The FEC ruled Microsoft may offer special cybersecurity assistance to candidates without violating rules against corporate contributions. One watchdog group called it an unprecedented opening for corporations looking to influence lawmakers and skirt campaign finance laws. Federal election law prohibits companies from providing free services to lawmakers. But the FEC would make an exception in this case, it ruled, because Microsoft would be acting out of business interests and not trying to curry favor. The decision also noted Microsoft has promised to offer the services “on a non-partisan basis.” Opponents of the change said the exception was too broad.

In an Increasingly Diverse House, Aides Remain Remarkably White
WRAL – Nicholas Fandos (New York Times) | Published: 9/11/2018

U.S. House aides write federal policy, oversee the administration of government, and shape the public’s view of Congress. But the top staff members of the House are far less racially diverse than the country itself, or even the lawmakers who employ them. Approximately 14 percent of top staff members in the House are people of color. That compares with 38 percent of the country and 23 percent of the House. Of the 40 top Democratic and Republican aides who lead the staffs of committees, only six are nonwhite. “The House of Representatives cannot effectively create public policy that benefits all Americans if the people making policy decisions do not look like all of America,” said Spencer Overton, the president of the Joint Center for Political and Economic Studies, which released the study.

From the States and Municipalities:

California: Banning Man Wins $220,000 from State Political Watchdog Panel
Riverside Press-Enterprise – Craig Schultz | Published: 9/7/2018

Frank Burgess was awarded more than $200,000 in legal fees after a court found the California Fair Political Practices Commission (FPPC) violated his Constitutional protections related to a fine levied against him as a member of a nonprofit hospital board. Burgess was fined $5,000 by the FPPC for trying to convince other members of the San Gorgonio Hospital board to continue doing business with his son’s moving and storage company. Burgess argued that as a nonprofit board, members did not fall under the Political Reform Act. A Superior Court judge overturned the fine, agreeing with Burgess’s contention that he had been denied due process because he had no forewarning he was considered a public official.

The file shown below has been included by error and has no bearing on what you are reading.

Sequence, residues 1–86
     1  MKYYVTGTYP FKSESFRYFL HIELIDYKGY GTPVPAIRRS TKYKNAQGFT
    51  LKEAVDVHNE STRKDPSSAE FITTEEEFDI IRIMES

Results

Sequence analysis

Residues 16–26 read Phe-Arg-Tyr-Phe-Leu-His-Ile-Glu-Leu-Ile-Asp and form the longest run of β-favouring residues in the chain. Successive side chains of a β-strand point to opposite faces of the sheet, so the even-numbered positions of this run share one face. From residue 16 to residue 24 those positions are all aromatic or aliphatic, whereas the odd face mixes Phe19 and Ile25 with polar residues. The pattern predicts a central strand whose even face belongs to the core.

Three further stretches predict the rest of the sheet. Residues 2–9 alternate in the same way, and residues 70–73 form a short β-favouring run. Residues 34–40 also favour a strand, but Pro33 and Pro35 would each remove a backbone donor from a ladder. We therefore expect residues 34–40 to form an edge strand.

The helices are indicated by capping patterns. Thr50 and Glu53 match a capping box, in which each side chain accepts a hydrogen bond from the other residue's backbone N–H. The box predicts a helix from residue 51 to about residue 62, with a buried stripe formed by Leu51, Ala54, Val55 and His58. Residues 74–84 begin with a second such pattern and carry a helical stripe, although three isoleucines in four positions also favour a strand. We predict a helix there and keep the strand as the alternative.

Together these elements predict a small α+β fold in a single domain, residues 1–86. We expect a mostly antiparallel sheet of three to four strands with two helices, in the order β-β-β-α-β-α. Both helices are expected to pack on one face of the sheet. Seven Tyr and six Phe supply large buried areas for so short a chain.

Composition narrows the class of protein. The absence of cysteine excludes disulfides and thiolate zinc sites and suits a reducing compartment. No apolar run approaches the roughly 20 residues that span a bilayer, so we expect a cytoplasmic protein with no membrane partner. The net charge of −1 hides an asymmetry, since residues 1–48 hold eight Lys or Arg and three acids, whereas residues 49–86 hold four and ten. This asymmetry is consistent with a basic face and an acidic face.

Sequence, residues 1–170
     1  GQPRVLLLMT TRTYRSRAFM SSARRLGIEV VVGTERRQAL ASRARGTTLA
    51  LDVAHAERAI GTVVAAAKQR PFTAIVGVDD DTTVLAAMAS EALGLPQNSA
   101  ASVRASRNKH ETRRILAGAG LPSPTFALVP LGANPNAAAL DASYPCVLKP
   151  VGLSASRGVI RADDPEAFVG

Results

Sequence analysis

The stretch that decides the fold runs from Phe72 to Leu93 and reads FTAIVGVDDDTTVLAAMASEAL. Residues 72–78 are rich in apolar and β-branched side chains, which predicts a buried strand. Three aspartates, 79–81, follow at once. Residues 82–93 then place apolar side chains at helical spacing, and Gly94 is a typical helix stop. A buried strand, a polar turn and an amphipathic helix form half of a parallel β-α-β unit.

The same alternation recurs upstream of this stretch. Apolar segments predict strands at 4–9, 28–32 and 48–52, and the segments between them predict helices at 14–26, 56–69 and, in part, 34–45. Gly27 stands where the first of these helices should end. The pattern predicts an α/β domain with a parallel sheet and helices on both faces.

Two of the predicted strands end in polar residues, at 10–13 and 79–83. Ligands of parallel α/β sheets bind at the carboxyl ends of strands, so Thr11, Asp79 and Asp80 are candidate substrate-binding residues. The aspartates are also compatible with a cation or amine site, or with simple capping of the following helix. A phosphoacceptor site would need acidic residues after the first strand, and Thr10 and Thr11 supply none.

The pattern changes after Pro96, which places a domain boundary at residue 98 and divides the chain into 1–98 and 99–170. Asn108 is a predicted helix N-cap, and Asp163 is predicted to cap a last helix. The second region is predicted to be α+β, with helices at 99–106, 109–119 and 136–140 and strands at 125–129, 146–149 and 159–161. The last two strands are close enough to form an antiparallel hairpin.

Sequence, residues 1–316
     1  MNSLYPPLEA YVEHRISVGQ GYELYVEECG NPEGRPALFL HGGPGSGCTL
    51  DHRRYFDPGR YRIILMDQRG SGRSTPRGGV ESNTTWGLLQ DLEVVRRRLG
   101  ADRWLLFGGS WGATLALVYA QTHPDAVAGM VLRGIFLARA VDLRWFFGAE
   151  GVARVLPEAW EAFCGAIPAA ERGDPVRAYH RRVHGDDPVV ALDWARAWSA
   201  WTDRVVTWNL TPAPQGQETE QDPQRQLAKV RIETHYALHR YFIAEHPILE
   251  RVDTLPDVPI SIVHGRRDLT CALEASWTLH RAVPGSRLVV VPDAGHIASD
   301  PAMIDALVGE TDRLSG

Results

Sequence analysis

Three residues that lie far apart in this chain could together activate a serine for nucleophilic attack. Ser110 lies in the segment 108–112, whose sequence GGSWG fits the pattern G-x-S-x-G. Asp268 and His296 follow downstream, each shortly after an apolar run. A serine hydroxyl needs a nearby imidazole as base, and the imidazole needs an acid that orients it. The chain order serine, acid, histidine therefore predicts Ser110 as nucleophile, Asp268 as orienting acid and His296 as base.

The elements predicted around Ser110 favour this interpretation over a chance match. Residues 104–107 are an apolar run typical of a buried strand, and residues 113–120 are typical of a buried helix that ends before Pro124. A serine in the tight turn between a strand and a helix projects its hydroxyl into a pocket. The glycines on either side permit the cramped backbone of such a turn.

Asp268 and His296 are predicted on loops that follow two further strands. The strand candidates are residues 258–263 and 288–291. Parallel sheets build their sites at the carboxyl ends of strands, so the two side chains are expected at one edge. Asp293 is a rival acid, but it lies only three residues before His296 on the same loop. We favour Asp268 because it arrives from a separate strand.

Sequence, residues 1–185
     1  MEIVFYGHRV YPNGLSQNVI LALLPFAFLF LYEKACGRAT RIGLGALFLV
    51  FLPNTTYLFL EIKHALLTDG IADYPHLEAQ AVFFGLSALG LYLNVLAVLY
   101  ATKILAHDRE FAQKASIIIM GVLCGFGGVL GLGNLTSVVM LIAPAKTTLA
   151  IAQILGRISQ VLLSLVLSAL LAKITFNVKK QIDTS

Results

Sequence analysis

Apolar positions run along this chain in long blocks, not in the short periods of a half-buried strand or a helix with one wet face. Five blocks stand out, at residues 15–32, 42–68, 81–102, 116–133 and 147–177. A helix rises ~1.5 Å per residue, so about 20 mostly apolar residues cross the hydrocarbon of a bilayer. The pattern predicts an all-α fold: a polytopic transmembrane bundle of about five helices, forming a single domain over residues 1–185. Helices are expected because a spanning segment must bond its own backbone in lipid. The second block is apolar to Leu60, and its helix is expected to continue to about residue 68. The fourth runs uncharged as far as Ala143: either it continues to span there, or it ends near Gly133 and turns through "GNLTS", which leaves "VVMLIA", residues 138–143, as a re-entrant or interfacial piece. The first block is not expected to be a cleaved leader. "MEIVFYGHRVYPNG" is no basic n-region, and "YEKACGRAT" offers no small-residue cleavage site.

California: Koch-Backed Charity Must Reveal Donor List to California Officials, Appeals Panel Rules
Connecticut Post – Michelle Ye Hee Lee (Washington Post) | Published: 9/11/2018

A federal appeals court ruled the charity Americans for Prosperity (AFP) Foundation, which is linked to billionaire Charles Koch, must disclose its donors to California officials. The foundation had argued the state’s rules requiring filing of the donor list violate the First Amendment by discouraging individuals from giving and by exposing them to threats and harassment. The case could test the ability of state agencies to compel nonprofits to disclose the identities of their donors, particularly ones that are tied to “social welfare” nonprofits, commonly referred to as “dark money” groups. One such group is Americans for Prosperity, the main political arm of the influential Koch network. AFP Foundation, a sister organization, is a charity that focuses on education and research.